Relevant to the lowered minimum paid up capital under RTLA, Section 8 of the amended Foreign Investment Act (FIA) provides that, among others, micro and small domestic market enterprises with paid-in capital less than the equivalent of $200,000.00 are reserved to Philippine nationals. However, under certain conditions, foreign nationals are allowed a minimum paid-up capital of $100,000.00 provided that the enterprises: (1) utilize advanced technology as determined by the Department of Science and Technology (DoST); (2) are endorsed as startup or startup enablers by the lead host agencies in accordance with RA No. 11337 (Innovative Startup Act); or (3) are composed of a majority of Filipino employees, the number of which shall in no case be less than 15, a reduction from the previous requirement of at least 50 direct Filipino employees. Further, registered foreign enterprises employing foreign nationals and enjoying fiscal incentives are required to implement an understudy or skills development program to ensure the transfer of technology or skills to Filipinos.
The latest amendments to the FIA are expected to generate more foreign investment to boost the economy for the long term. RA 11647 recognizes that increased capital and technology benefits the Philippines, and that global and regional economies affect the Philippine economy. Fittingly, the law allows foreign investors to invest up to 100% in a domestic enterprise unless participation of foreigners is limited or prohibited to a smaller percentage. Similarly, foreign investment in export enterprises is allowed up to 100%, provided the products and services do not fall within the Foreign Investment Negative List (FINL). Notably, the law mandates that amendments to the FINL be made at least once every two years. But then, foreign export enterprises are required to register with the BoI and submit reports to ensure compliance with the BoI’s export requirements. Failure to comply with these requirements may result in a reduction of the entity’s sales to the domestic market to not more than 40% as may be ordered by the BoI or DTI.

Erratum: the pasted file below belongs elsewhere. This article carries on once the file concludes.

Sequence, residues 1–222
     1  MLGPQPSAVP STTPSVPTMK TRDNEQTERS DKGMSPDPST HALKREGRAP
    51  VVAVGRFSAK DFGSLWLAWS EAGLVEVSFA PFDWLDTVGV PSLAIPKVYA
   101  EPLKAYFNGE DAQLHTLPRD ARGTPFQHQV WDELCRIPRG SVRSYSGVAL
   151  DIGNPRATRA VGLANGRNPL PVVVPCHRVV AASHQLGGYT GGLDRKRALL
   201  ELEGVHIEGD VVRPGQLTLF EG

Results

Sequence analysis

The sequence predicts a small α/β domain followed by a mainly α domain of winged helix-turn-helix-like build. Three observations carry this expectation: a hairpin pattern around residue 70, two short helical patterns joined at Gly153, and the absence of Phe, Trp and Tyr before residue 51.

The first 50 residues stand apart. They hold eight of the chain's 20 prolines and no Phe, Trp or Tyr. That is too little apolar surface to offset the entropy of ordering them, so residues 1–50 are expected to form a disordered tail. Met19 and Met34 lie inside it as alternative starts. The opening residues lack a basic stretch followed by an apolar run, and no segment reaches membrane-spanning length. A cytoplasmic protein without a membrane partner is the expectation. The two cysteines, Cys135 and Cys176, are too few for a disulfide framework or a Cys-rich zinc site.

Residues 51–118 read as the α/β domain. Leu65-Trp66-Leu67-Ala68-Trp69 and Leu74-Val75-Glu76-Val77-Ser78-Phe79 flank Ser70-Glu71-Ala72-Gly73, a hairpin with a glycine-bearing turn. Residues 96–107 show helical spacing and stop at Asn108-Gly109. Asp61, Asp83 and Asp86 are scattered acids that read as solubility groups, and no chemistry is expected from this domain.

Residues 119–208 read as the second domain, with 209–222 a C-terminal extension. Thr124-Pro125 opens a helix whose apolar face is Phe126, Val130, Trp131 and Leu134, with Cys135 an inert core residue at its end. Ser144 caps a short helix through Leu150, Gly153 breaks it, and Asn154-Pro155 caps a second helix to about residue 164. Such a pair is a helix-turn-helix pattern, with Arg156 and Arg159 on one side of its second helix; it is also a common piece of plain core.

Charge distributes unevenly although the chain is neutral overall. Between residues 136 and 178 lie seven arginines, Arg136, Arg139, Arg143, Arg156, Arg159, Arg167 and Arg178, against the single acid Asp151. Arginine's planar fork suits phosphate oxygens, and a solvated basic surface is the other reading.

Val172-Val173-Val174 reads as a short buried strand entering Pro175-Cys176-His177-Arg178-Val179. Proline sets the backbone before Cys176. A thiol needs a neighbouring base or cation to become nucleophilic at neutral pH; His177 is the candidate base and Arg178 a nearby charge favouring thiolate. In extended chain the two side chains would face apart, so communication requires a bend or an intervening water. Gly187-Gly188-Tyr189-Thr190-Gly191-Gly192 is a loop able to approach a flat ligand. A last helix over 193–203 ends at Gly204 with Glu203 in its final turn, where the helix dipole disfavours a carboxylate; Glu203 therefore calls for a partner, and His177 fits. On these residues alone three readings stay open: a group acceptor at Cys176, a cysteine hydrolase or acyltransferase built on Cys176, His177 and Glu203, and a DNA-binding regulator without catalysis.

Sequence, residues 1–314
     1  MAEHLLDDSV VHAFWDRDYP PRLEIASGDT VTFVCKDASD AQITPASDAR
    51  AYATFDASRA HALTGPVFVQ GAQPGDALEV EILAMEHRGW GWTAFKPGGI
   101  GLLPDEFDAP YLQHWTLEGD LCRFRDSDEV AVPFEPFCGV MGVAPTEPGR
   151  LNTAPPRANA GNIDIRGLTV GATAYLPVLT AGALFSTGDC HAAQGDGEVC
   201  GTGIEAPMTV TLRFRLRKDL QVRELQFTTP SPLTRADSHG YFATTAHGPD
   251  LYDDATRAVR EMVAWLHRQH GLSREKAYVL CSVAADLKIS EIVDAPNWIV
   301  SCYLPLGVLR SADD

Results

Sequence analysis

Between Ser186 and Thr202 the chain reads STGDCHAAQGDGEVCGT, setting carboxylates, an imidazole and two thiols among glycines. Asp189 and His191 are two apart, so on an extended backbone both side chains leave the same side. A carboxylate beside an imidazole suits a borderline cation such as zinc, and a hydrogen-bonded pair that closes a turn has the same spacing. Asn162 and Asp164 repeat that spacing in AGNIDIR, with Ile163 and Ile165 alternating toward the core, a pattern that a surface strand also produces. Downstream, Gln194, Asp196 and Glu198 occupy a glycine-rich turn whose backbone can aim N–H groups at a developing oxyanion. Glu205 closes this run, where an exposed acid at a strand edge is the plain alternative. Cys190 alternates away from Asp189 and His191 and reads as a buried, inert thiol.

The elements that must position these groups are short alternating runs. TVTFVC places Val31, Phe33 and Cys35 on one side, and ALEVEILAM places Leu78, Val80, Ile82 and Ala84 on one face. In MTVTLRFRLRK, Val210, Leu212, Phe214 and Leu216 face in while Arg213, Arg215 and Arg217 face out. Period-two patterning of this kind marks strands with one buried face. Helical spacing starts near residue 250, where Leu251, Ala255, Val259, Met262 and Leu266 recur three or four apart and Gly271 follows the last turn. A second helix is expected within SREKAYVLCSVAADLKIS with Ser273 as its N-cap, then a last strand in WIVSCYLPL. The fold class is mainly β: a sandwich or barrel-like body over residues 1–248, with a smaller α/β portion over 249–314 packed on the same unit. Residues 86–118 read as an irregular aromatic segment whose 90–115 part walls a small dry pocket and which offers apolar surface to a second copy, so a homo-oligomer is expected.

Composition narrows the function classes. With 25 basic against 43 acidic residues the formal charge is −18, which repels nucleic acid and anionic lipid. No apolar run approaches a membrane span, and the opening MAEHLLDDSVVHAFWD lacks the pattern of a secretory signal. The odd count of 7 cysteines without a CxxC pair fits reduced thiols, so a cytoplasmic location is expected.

To integrate all the promotion and facilitation efforts to encourage foreign investment, the Inter-Agency Investment Promotion Coordination Committee (IIPCC) was also created which will be chaired by the Secretary of Trade and Industry. The IIPCC was created mainly to establish both medium- and long-term Foreign Investment Promotion and Marketing Plans (FIPMP), among other functions.
Considering the increase in the national debt due to the pandemic and the government’s effort to stimulate economic growth, legislation easing the requirements and relaxing the limitations on foreign investors will help the Philippines recover and sustain economic development. We are one with the government in working towards attracting and welcoming productive foreign investment for economic growth to provide more opportunity to our fellow Filipinos.
Let’s Talk Tax is a weekly newspaper column of P&A Grant Thornton that aims to keep the public informed of various developments in taxation. This article is not intended to be a substitute for competent professional advice.
Gemmalu Molleno-Placido is a manager from the Tax Advisory & Compliance division of P&A Grant Thornton, the Philippine member firm of Grant Thornton International Ltd.